EXAMPLE 7 The procedure of Example 2 is repeated, except that the diglycidyl terephthalate is replaced with 14.5 parts of glycidyl acetate. The yield of 3-(4-lithiosulfophenoxy)-1,2- propanediol is 31.4 parts (99% EXAMPLE 8 The procedure of Example 2 is repeated, except that the diglycidyl terephthalate is replaced with 19.8 parts of diglycidyl adipate. The yield of 3-(4-lithiosulfophenoxy)-1,2-propanediol is 31 parts (98%).

EXAMPLE 9 The procedure of Example 2 is repeated, with similar results, except that the lithium p-phenolsulfonate is replaced with 24.5 parts of sodium p-phenolsulfonate and the lithium hydroxide mono-hydrate is replaced with 1.2 parts of sodium hydroxide.

EXAMPLE 10 The procedure of Example 2 is repeated, except that the lithium p-phenolsulfonate is replaced with 32 parts of lithium 2-phenylphenol-4-sulfonate. Similar results are obtained.

EXAMPLE 11 The procedure of Example 2 is repeated, except that the lithium p-phenolsulfonate is replaced with 24.3 parts of lithium 3-methylphenol-4-sulfonate. Similar results are obtained.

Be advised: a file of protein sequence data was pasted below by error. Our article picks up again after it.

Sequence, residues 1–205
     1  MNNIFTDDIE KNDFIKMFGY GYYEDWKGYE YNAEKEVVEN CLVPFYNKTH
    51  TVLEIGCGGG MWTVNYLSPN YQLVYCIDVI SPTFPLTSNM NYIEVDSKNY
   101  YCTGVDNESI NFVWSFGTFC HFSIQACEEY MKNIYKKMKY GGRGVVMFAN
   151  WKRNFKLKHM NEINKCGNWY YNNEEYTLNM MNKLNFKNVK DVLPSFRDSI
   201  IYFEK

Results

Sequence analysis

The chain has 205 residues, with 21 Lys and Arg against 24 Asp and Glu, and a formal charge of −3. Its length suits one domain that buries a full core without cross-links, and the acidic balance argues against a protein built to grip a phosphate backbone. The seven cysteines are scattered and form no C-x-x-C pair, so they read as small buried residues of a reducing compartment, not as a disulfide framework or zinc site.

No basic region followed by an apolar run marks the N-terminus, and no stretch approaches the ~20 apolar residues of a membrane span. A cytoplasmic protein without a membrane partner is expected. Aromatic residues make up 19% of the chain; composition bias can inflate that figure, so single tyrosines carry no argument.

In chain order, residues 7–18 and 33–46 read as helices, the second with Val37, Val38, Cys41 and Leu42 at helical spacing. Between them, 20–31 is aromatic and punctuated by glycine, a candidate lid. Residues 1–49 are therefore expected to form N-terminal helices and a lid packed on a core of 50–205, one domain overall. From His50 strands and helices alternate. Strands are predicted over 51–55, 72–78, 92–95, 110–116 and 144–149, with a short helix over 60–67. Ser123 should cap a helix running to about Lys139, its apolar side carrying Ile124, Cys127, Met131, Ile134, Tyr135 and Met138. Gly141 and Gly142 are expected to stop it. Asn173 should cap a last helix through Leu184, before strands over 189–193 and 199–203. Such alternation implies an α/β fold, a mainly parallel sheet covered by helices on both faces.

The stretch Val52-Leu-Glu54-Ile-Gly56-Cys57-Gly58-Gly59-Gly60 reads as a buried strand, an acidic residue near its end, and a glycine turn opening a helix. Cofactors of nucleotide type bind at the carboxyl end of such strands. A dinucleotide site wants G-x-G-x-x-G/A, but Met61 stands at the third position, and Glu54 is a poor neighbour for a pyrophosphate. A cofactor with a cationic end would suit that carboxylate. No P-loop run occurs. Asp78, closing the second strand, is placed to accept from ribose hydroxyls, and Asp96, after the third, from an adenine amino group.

EXAMPLE 12 The procedure of Example 9 is repeated, except that the sodium p-phenolsulfonate is replaced with 30.8 parts of sodium 1-naphthol-5-sulfonate. Similar results are ob tained.

EXAMPLE 13 The procedure of Example 9 is repeated, with similar results, except that the sodium p-phenolsulfonate is replaced with 30.8 parts of sodium 2-naphthol-7-sulfonate.

EXAMPLE 14 The procedure of Example 9 is repeated, except that the sodium p-phenolsulfonate is replaced with 24.5 parts of sodium resorcinol-4-sulfonate. Similar results are obtained.

EXAMPLE 15 The procedure of Example 9 is repeated, except that the sodium p-phenolsulfonate is replaced with 30.0 parts of sodium 3-(2-hydroxyethoxy)-1-phenol-4-sulfonate. Similar results are obtained.